MINNEAPOLIS -- With the Twins trailing by two runs in the bottom of the eighth inning, the Target Field crowd suddenly came alive Thursday afternoon. And it wasn't totally because of Eduardo Nunez's two-out pinch-hit single to extend the frame.
Miguel Sano, the rookie sensation who was out of the starting lineup for the series finale to rest his strained right hamstring, picked up a bat to pinch-hit. He would stand in as the tying run against hard-throwing Nate Jones, the same White Sox reliever who gave up Sano's game-tying homer in the seventh inning of Minnesota's victory on Tuesday. But one long blast two days ago certainly wasn't about to make Jones back down in what eventually turned out to be a 6-4 White Sox win.
In fact, when manager Robin Ventura visited the mound before the at-bat, Jones confidently told Ventura he wanted to face the Twins slugger.
"I definitely let him know that I wanted it," said a smiling Jones, who threw scoreless relief over 1 2/3 innings. "He got me the other night and it's just being a competitor, you want to see what you can do. Go after him again."
"Yeah he wanted that one," Ventura agreed. "The Sano at-bat again, there's a chance there to bring in Robbie [David Robertson]. You talk to him and make sure he's all right. I know it didn't go his way last time, he hit a homer off of him last time. Some guys have enough in the tank to go after it again. He wanted that one and he got the big out there."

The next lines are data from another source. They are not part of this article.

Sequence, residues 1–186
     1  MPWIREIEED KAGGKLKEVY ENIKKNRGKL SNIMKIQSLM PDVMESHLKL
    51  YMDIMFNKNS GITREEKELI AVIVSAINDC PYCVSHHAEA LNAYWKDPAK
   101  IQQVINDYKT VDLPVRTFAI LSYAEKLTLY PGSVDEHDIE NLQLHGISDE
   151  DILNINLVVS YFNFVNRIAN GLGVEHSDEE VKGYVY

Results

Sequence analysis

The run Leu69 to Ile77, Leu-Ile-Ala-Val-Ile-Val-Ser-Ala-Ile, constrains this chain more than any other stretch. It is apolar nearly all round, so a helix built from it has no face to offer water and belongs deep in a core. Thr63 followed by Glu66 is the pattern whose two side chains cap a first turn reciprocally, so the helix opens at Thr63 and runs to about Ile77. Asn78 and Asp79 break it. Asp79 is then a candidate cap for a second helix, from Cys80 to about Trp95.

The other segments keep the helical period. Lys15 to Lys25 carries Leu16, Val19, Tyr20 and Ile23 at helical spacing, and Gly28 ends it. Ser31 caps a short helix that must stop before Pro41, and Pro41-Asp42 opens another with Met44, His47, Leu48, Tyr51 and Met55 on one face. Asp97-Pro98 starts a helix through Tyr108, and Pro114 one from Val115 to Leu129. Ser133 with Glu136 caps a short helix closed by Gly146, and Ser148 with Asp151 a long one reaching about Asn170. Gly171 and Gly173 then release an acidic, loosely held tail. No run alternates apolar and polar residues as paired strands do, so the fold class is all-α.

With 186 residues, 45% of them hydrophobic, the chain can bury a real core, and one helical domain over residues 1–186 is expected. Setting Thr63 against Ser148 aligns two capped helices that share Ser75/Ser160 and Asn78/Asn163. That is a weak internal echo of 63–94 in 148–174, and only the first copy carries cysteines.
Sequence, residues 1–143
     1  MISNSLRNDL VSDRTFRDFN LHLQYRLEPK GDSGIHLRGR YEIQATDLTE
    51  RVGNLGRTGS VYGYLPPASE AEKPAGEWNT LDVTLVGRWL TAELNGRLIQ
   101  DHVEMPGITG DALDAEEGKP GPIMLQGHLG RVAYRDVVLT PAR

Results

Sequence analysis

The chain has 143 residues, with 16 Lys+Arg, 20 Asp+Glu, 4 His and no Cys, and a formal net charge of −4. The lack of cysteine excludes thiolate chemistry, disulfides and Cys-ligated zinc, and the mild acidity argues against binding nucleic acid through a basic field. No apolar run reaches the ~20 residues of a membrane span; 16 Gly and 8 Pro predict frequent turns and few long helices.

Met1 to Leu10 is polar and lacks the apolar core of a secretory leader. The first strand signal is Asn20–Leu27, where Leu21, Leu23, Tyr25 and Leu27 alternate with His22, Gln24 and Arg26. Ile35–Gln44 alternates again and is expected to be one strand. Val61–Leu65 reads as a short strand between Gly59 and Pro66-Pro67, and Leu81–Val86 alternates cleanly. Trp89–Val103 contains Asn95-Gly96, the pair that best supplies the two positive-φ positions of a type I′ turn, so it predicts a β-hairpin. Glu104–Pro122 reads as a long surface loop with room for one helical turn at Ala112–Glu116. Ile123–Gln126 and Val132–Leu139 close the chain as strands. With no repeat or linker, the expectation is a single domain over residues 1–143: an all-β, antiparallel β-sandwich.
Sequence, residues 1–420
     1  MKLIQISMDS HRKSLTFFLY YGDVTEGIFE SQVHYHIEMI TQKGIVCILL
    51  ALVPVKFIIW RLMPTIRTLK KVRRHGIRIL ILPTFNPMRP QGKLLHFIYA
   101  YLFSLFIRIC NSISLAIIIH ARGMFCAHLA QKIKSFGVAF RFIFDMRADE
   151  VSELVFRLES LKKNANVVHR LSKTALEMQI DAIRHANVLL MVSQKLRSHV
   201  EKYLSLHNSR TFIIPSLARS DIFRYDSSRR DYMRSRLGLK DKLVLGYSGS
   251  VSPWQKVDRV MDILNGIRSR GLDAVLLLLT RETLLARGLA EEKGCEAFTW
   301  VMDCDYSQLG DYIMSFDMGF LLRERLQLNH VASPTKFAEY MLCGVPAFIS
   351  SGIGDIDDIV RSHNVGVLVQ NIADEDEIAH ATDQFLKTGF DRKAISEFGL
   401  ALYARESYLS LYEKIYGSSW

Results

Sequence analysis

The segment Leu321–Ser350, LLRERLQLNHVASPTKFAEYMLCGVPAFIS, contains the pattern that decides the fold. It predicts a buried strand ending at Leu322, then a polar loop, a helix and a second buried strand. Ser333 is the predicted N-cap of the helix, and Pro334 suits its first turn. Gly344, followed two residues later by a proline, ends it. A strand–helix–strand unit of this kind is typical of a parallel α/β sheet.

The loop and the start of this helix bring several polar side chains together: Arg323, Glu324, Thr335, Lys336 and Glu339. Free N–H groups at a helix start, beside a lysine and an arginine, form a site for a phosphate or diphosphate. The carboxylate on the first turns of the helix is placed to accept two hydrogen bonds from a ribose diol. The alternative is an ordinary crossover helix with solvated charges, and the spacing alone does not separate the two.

When Sano won Round 1, it was off of a 3-2 slider that caught too much of the plate. On this occasion, Jones opened with a fastball out of the zone and then threw a slider that Sano took for a strike.
"Not really exactly where I wanted it," said Jones of the slider. "But he didn't swing, so we're good."
Jones finished with three fastballs at 97, 98 and 98 mph, with the last one put into play as an inning-ending fly ball to right. This matchup came one inning after Jones entered with runners on first and second and one out in the seventh, only to strike out Trevor Plouffe and Kennys Vargas. Jones gave credit to catcher Geovany Soto for helping him survive this portion of a 31-pitch, 22-strike outing -- especially with Vargas, whom he didn't know well.
"That's what we do with almost every hitter anyway, just trust the catcher," Jones said. "They do all the homework and know the hitters inside and out. I told Geo, 'I'm going to go with whatever you say,' and we got the job done."